Rationale: Cardiovascular disease and diabetes have been shown to adversely affect muscle function, leading to exercise intolerance (reduced physical activity levels), but detailed mechanisms and effective interventions are lacking.
In both cases, a better understanding of the cellular, biochemical and tissue interactions involved will aid in developing specific therapies to reduce patient morbidity. We use a more modest, potentially therapeutic intervention (muscle overload, such as seen with weight training) as an experimental test of the muscle capacity to adapt to normal challenges of daily living, as this has been suggested to be influenced by the blood supply in situations of severe pathology (involving gross muscle damage).
Plan of work and impact of our studies: We will explore how skeletal muscle responds to physiological or pathological challenges, and how the smallest blood vessels may influence the outcomes. This will allow us to better understand how outer tissue (muscle) dysfunction may contribute to exercise intolerance associated with central (cardiovascular) limitations. We aim to determine if the associated muscle atrophy (i.e. muscle wasting, and accompanying weakness) may be reduced. This should provide evidence that muscle hypertrophy may offer a novel therapeutic approach to rehabilitation.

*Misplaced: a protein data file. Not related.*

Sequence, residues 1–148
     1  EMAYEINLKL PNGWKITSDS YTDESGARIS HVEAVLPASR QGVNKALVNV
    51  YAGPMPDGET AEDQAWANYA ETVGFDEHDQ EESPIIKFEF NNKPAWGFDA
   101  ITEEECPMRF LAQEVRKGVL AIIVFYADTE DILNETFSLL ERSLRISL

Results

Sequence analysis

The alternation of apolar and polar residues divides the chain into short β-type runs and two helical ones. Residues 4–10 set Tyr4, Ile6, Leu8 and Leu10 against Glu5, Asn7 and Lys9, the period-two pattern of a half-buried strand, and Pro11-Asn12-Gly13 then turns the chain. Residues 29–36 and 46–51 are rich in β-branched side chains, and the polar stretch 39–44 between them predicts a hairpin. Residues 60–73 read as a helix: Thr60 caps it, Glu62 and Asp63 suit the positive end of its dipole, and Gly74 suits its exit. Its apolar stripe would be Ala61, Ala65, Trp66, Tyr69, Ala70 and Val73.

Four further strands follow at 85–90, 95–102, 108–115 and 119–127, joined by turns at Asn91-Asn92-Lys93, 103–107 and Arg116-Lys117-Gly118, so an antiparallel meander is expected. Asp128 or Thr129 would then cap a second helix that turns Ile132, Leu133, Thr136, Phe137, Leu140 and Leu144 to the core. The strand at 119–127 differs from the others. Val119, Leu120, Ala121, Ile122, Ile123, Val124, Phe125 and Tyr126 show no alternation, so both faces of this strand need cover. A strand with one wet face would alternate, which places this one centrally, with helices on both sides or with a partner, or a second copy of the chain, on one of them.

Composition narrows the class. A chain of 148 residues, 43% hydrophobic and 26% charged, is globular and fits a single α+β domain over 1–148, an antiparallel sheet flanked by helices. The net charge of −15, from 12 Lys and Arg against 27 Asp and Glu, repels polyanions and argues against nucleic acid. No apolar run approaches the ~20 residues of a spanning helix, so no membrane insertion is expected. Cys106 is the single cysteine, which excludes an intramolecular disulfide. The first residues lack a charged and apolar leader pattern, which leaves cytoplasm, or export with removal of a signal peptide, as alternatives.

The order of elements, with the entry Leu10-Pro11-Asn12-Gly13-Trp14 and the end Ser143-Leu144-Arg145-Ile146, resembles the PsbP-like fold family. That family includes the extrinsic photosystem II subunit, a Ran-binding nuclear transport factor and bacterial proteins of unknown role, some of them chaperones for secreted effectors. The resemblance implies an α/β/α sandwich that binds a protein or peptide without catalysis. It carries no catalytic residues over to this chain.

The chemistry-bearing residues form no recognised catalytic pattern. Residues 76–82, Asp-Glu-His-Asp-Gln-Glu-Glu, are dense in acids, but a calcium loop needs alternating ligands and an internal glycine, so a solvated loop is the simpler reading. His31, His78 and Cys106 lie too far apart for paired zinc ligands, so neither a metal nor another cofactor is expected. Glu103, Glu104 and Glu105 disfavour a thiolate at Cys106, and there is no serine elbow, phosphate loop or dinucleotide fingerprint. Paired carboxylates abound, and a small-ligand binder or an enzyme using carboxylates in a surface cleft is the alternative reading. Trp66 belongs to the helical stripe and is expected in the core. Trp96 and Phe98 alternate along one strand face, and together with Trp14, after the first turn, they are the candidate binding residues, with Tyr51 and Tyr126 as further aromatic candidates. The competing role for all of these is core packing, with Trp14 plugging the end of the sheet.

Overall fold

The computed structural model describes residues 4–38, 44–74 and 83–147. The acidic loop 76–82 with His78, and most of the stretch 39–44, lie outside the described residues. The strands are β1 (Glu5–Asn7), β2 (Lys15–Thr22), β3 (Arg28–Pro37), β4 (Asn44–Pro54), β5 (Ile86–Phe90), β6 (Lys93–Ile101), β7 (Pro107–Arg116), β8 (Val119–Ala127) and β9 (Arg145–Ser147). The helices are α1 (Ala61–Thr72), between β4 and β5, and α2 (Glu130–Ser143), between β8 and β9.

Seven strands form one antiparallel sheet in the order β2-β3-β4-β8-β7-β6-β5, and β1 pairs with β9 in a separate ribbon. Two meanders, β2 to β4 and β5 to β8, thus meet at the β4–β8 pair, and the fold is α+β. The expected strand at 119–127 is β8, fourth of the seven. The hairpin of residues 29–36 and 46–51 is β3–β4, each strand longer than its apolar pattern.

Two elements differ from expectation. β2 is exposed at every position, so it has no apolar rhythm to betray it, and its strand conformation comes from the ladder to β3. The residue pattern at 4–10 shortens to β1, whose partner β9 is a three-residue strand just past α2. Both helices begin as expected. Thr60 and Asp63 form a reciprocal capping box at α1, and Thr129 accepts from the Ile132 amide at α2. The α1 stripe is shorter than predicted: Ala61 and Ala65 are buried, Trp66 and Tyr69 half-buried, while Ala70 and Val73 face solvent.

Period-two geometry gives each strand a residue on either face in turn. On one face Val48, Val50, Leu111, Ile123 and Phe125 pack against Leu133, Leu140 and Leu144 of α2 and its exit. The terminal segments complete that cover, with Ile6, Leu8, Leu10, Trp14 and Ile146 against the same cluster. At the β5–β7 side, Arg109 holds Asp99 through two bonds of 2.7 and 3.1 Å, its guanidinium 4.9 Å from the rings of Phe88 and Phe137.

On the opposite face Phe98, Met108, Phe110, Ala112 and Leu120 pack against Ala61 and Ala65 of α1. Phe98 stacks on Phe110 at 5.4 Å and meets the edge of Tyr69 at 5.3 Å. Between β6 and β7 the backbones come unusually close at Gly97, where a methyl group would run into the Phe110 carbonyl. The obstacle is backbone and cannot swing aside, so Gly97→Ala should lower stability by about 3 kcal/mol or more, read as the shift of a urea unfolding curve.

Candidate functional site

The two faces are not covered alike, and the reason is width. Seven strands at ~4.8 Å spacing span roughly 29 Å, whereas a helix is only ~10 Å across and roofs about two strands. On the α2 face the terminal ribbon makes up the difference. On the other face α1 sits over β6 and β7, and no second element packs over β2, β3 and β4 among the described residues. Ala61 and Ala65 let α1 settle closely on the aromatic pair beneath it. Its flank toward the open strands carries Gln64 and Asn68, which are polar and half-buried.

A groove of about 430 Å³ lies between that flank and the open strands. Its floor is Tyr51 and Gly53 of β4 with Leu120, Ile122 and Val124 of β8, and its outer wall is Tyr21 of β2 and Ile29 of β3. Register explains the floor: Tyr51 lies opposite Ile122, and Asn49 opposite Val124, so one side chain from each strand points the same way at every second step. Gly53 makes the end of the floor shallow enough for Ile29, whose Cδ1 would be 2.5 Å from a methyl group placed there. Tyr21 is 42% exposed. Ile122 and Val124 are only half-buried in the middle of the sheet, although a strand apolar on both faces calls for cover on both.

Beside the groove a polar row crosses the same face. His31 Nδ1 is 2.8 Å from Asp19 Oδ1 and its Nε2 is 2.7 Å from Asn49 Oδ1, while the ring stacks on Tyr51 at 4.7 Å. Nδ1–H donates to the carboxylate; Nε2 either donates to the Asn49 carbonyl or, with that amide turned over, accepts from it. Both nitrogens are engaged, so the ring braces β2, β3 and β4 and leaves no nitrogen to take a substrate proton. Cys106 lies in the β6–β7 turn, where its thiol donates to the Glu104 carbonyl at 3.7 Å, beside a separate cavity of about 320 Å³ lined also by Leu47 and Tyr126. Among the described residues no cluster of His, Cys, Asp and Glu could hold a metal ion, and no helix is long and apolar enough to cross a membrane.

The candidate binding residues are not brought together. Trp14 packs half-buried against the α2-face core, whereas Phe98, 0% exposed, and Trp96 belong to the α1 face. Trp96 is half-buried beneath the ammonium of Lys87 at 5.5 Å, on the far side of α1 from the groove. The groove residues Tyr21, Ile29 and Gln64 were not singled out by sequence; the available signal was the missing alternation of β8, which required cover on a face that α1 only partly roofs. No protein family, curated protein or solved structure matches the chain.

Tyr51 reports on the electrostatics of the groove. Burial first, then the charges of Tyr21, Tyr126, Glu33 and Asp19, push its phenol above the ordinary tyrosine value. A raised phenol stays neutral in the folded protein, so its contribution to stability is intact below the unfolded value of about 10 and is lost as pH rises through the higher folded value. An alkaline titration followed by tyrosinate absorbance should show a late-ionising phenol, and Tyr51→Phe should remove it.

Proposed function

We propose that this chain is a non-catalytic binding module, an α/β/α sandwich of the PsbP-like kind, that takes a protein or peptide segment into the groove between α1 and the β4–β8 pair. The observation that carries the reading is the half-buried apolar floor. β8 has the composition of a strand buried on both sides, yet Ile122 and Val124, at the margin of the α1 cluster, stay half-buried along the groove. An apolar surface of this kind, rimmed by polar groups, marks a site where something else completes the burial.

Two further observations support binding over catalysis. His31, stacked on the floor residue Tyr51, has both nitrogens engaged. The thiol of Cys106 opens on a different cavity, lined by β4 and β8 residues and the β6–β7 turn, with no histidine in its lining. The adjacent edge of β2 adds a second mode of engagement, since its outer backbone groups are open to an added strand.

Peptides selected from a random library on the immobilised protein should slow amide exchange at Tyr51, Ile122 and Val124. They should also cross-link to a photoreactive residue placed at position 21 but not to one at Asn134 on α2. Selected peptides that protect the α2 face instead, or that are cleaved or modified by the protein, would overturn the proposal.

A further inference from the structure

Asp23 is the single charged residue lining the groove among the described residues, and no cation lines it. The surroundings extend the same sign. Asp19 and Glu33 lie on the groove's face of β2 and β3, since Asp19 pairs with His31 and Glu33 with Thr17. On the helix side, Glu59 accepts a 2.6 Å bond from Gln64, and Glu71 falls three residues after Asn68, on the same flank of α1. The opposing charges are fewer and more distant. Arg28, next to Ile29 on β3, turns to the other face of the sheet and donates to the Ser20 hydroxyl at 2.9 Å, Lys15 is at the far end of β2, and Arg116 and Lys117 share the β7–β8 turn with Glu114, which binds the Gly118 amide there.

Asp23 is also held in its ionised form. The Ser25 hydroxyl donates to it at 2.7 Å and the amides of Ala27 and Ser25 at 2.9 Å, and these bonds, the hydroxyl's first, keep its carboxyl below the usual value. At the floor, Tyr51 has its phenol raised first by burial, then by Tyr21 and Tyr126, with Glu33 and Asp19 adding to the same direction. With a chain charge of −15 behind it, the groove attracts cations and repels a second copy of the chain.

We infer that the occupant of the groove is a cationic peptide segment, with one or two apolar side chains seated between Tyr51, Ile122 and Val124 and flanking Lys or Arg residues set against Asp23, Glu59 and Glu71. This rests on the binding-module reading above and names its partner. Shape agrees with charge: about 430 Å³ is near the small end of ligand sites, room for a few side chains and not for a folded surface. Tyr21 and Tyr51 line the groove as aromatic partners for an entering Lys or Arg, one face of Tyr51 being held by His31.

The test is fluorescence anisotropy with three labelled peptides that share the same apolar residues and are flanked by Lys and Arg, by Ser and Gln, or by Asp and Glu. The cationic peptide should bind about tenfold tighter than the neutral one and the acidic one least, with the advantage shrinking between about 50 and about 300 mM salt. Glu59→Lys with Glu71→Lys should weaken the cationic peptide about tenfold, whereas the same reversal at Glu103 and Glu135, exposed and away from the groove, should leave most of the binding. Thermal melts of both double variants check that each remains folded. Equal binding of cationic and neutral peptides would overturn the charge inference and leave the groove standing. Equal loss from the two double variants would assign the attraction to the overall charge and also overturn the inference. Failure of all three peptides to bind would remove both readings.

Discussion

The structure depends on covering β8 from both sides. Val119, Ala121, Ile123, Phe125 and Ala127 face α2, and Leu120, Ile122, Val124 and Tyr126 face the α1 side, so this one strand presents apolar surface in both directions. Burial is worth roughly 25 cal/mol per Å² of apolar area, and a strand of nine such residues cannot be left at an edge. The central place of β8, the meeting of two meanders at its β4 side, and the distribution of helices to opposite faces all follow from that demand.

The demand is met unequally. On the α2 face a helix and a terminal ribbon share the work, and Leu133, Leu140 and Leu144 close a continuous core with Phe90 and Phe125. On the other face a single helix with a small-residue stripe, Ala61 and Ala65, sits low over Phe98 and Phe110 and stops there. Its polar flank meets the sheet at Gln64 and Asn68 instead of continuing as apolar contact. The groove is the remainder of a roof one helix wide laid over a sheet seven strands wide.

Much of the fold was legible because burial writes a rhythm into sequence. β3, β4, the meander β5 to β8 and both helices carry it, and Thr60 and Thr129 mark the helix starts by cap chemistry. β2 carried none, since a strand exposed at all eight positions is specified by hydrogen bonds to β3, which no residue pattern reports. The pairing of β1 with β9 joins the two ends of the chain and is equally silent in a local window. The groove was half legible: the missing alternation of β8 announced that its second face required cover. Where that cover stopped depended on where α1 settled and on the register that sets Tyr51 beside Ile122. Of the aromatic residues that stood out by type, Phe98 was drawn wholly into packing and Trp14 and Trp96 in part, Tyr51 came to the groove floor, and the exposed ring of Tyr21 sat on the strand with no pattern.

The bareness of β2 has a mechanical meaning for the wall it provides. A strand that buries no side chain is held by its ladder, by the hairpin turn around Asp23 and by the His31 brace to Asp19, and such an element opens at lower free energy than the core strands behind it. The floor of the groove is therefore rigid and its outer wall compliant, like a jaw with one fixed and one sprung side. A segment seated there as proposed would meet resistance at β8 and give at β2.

Animal welfare: We are using animals previously demonstrated to exhibit similar mechanisms of muscle hypertrophy/atrophy as seen in humans, which will allow us to explore new ways of supporting exercise tolerance in conditions where mobility is limited. For some animals, they will be put to sleep and one hindlimb muscle removed; this parallels the situation in humans following disease, cancer or a traffic accident. We take care to administer pain relief after surgery, and the animals recover very quickly - indeed, they have been observed engaged in normal social interaction and activity patterns within 24 hours, suggesting there are no serious impediments to locomotion or routine activity.
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